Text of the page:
Your rate moves in line normally with the lender’s SVR. But the cap means the rate can’t rise above a certain level.
- Certainty - your rate won’t rise above a certain level. But make sure you could afford repayments if it rises to the level of the cap.
- Cheaper - your rate will fall if the SVR comes down.
- The cap tends to be set quite high;
- The rate is generally higher than other variable and fixed rates;
- Your lender can change the rate at any time up to the level of the cap.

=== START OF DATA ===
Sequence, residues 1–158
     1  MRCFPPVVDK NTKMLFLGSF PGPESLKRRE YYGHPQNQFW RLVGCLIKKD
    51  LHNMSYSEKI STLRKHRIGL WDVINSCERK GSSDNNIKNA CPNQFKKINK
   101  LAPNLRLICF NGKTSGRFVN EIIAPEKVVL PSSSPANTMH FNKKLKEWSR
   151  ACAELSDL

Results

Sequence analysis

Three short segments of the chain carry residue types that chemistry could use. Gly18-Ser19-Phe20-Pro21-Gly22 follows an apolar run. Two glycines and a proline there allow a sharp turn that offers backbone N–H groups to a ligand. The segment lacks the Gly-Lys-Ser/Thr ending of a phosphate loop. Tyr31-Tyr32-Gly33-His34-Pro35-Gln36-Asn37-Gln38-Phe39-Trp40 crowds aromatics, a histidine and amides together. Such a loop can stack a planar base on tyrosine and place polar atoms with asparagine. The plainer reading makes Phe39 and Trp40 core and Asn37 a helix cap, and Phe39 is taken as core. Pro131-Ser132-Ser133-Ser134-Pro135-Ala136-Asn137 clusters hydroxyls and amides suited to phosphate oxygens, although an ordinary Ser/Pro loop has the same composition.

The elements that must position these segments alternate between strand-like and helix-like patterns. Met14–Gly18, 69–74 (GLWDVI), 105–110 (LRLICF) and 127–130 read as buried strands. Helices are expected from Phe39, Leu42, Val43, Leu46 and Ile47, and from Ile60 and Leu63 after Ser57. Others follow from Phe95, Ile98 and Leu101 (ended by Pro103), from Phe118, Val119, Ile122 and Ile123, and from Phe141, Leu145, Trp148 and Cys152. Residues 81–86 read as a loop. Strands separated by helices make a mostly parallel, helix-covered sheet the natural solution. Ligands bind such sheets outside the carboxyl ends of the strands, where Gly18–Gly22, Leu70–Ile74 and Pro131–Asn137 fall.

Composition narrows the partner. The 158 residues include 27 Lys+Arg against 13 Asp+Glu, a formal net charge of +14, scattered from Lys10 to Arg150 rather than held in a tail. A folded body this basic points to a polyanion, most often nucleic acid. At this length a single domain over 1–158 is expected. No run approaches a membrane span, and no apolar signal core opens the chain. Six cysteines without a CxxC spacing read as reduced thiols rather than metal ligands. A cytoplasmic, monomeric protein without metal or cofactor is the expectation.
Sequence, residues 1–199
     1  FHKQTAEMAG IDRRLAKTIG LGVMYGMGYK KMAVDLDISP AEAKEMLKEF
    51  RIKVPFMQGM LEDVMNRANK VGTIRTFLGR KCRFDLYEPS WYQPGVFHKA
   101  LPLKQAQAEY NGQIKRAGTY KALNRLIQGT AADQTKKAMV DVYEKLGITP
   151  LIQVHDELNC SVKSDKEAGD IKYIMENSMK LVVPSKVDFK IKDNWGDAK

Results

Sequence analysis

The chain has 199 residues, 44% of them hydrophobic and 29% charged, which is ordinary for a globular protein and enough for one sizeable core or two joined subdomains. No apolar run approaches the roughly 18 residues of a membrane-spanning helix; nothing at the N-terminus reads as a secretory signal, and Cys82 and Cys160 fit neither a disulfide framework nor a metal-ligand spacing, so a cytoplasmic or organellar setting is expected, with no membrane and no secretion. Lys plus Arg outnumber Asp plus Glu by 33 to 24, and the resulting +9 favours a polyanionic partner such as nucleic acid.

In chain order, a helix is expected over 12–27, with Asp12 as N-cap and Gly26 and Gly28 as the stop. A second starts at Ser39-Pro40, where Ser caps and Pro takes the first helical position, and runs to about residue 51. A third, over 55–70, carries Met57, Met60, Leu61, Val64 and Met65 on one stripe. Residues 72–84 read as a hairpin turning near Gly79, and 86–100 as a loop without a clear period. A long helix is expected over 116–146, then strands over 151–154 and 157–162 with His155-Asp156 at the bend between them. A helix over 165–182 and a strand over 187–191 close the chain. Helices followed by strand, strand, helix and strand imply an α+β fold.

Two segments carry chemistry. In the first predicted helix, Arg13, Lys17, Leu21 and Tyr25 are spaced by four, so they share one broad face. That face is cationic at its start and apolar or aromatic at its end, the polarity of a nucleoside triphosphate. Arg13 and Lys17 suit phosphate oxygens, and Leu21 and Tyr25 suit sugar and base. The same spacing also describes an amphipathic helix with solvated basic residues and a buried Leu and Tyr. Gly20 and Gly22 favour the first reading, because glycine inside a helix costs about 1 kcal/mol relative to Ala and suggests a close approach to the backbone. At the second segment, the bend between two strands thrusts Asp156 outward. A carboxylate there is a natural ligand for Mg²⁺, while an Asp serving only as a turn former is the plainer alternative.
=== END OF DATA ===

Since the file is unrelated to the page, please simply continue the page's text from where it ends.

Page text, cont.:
These can be a type of mortgage with a:
Variable interest rate
Tracker interest rate
Discount interest rate
Although their interest rates can go up or down with the base rate or your lender's SVR, they come with a guarantee that they will not rise above a certain amount.
For example: You take out a mortgage with a 1% discount and a cap at 4.5%. The SVR is 5% at first, so you pay 4%. After a year, the lender raises its SVR to 6%, so your new interest rate would change to 5%. However, the cap means you only pay 4.5%.